Gin House Blues
|"Gin House Blues"|
|Single by Amen Corner|
|Label||Deram Records - DM 136|
|Writer(s)||credited to Fletcher Henderson and Henry Troy (A-side)
Andy Fairweather-Low (B-side)
|Amen Corner singles chronology|
The song originally titled "Gin House Blues" was written by Fletcher Henderson and Henry Troy in 1925, and recorded by Bessie Smith with Henderson on 18 March 1926. It has the opening lines "I've got a sad sad story today / I'm goin' to the gin house when the whistle blows..."
However, the song now most usually called "Gin House" or "Gin House Blues" - with the opening lines "Stay away from me 'cause I'm in my sin / If this place gets raided, it's just me and my gin..." - is an entirely different song. It was originally entitled "Me and My Gin", and was recorded by Bessie Smith on 25 August 1928 and released on Columbia 14384-D. It was written by "Harry Burke", which may be a pseudonym of the pianist and songwriter James C. Johnson. It is this song which has been recorded by many musicians over the years under the title "Gin House Blues" (see listing below), with authorship usually credited to Henderson and Troy, apparently in error.
Recorded versions of 'Me and My Gin' under the title 'Gin House Blues'
- Bessie Smith - first recorded under the title 'Me and My Gin' on 25 August 1928, in New York and issued as Columbia 14384-D. She also recorded a different song called 'Gin House Blues', with Fletcher Henderson, on 18 March 1926.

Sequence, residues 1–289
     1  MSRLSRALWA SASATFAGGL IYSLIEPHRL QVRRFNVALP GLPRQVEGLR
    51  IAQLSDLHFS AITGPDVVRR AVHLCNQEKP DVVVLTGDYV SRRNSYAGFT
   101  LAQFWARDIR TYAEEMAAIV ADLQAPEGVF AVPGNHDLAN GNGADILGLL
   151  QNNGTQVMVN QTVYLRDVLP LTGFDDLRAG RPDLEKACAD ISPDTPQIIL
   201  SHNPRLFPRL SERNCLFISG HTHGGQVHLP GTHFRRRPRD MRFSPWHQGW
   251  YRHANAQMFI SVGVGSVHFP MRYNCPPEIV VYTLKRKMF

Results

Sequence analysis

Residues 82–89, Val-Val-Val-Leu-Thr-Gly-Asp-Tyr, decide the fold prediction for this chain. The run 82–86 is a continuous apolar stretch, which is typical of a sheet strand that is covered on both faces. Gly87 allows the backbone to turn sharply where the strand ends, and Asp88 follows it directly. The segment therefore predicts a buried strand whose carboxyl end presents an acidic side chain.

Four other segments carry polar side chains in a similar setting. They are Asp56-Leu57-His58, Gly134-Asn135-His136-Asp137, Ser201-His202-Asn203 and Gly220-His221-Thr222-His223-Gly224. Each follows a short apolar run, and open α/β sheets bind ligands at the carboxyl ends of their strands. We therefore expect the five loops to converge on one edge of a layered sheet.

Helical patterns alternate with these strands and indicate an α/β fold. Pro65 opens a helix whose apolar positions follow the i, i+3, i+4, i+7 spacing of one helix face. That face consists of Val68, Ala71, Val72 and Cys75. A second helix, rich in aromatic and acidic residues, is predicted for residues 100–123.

- Nina Simone - different versions appear on her albums, Forbidden Fruit and 'Nuff Said!; plus in a live recording format on her The Great Show Live In Paris collection.
- The Boston Crabs - as 'Gin House', the b-side of their 1966 UK single 'You Didn't Have To Be So Nice'
- Amen Corner - released the song as a single in 1967; it reached Number 12 in the UK Singles Chart.
- The Animals - it appeared on their albums Animalisms (UK release) and the corresponding Animalization (U.S. release) in 1966.
- Beverley Martyn - unreleased
- Buster Bailey
- Paul Banks
- Cuby & the Blizzards - released on their debut album Desolation in 1966. The band received an Edison award for the album.
- Cow Cow Davenport
- Cannibal Corpse
- Andy Fairweather Low
- Little Brother Montgomery
- Duffy Power
- "Song search results". Allmusic.com. Retrieved 25 November 2008.[dead link]
- James C. Johnson at Allmusic
- "The Charles Anderson Fake Book". Archived from the original on 31 July 2012.[dead link]
- Roberts, David (2006). British Hit Singles & Albums (19th ed.). London: Guinness World Records Limited. p. 21. ISBN 1-904994-10-5.